We have drawn inspiration for this letter from the stance NFL player Michael Bennett took when he cancelled a similarly sponsored trip to Israel, refusing to be used by the U.S. or Israeli governments as an “influencer” in support of their right-wing, racist agendas. We were educated and encouraged by the open letter asking NFL players to cancel their participation, signed by Alice Walker, Harry Belafonte, Angela Davis and many other important leaders within the U.S.
In the past two years, Michelin-starred Irish chef JP McMahon, top chef Mitsuharu Tsumura and Danish-Bolivian chef Kamilla Seidler cancelled their participation in the festival after appeals from human rights defenders.
We ask you to take a stand against the erasure of an indigenous people and cancel your participation at the Round Tables festival in Israel. We recognize that this may be difficult given whatever contracts you may have already signed. But to be principled means sometimes taking losses so that we can all win in the end.
Bennett quoted 1968 Olympian John Carlos as guidance for his decision: “There is no partial commitment to justice. You are either in or you’re out.” We hope you are in.
Amanny Ahmad, artist, chef, forager, Palestinian
Yessi Alexander, manager and cook
Gabriela Álvarez, founder and chef, Liberation Cuisine
Mary Ellen Amato, chef/owner, Rita
Reem Assil, chef/owner, Reem's California
George Azar, chef/owner, Flowers of Vietnam
M. Karlos Baca, I-Collective, founder of Taste of Native Cuisine
Maxwell Bernstein, operations manager and bread baker, She Wolf Bakery
Alexandre Borghetti, co-founder/president, RADUNO
Warda Bouguettaya, owner + pastry chef, Warda Pâtisserie, Detroit
Cole Carothers, member-owner, Khao'na Kitchen
Jess V. Castillo
Kimberly Chou Tsun An, co-director, Food Book Fair
Aaron Crowder, chef/partner, Cervo’s
Kia Damon, Executive Chef, Lalito
Alex Dang, bar manager, Ida B’s Table
Devita Davison, executive director, FoodLab Detroit
Sabrina De Sousa, Dimes
Lee Desrosiers, chef at large
Angela Dimayuga, chef, Creative Director of Food & Culture, Standard Hotels
Marisa Dobson, consultant and organizer
Neftalí Duran, I Collective
Rebecca Eichenbaum, pastry chef, Wythe Hotel
Christina Ermilio, bread baker
Devonn Francis, owner, Yardy NYC
Ethan Frisch, co-founder/co-owner, Burlap & Barrel
Gerardo Gonzalez, chef, formerly El Rey and Lalito
Jon Gray, co-founder, Ghetto Gastro
Ben Hall, chef/owner, Russell Street Deli — Eastern Market
Sara Elise Hardman, owner + creative director, Harvest & Revel
Michaela Hayes-Hodge, co-founder + farmer, Rise & Root Farm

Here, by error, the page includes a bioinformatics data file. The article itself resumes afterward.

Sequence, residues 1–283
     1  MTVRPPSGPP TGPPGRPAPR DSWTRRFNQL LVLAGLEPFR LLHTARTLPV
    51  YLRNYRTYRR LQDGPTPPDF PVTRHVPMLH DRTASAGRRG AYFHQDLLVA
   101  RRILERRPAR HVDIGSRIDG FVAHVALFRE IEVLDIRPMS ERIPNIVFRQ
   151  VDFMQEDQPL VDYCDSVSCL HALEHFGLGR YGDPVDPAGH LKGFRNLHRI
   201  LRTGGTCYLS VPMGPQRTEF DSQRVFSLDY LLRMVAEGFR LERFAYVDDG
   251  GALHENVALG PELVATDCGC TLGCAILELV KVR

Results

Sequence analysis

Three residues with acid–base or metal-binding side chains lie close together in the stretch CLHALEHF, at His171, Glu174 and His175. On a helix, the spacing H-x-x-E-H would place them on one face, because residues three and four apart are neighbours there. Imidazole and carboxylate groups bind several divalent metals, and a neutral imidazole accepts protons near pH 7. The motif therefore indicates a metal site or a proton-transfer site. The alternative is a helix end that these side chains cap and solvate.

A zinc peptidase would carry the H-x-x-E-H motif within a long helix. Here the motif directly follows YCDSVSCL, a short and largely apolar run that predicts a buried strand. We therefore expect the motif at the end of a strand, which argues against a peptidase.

Soleil Ho, writer, Racist Sandwich
Stephanie Hsu, organizer, Charm City Night Market
Hidden Acres Farm, Inc. of Tolland, Connecticut
Ben Jackson, chef, Drifters Wife
Sana Javeri Kadri, founder & CEO, Diaspora Co.
Mea Johnson, Baker, Olio Culinary Collective
Leah Kirts, co-host Food Without Borders, freelance food writer
Sara Kramer, chef/owner, Kismet
Oriana Koren, photographer-writer, Authority Collective
Chris Kronner, KronnerBurger
Agatha Kulaga, founder, Ovenly
Trevor Kunk, Chef Director
Zaid Kurdieh, Norwich Meadows Farm
Maritza Abreu, owner, Puerto Viejo Dominican Bistro and Pisqueya
Megan Larmer, program director and researcher
Christina Lecki, executive chef, Reynard
Joy Liu-Trujillo, chef/owner Mudita Ramen
Munira Lokhandwala, FERMENT co-coordinator + Dream Cafe
Katy McNulty, founder + special events director, The Pixie and The Scout
Ben Miller & Cristina Martinez, South Philly Barbacoa
Klancy Miller, cookbook author
Preeti Mistry, chef, writer
Elizabeth Murray, director of HR + communications, The Marlow Collective & co-founder, Women in Hospitality United
Shilpa Nandwani, member-owner, Khao'na Kitchen
Danny Newberg, Joint Venture
Jessie Nicely, chef, Burmese, Please!
Alicia Parter, chef
Daniel Patterson, Alta Group
Laurie Ellen Pellicano, culinary consultant and recipe developer
People's Kitchen Collective
Cal Peternell, cook, author, host of Cooking By Ear podcast
Anya Peters, chef, Kit an’ Kin
Tu David Phu, chef
Jocelyn Ramirez, chef and founder, Todo Verde
Tara Rodríguez Besosa, founder/creative director, El Departamento de la Comida
David Santos, chef/owner, Um Segredo Supper Club
Stephen Satterfield, Whetstone Magazine
Pierre Serrao, chef/partner, Ghetto Gastro
Brant Shapiro, Norwich Meadows Farm
Yong Shin, Insa
Shakirah Simley, community organizer
Kristina Stanley, I-collective, founder of Abaaso Foods
Gabriella S. Stern, manager
Max Sussman, Samesa (NYC)
Julia Turshen, cookbook author
Desiree Tuttle, chef, Achilles Heel
Chinchakriya Un, Kreung Cambodia
Mary Vaughan, bartender, assistant sommelier
Diana A. Voicu, student, cook, food activist
Rose Weiss, chef and worker organizer
Tunde Wey, chef, writer
Ora Wise, culinary director, Dream Cafe
Amanda Yee, chef, The Blues Woman
Pamela Yung, itinerant cook
Sohail Zandi, chef/owner, Brushland Eating House
Cleopatra Zuli, founder, BLK PALATE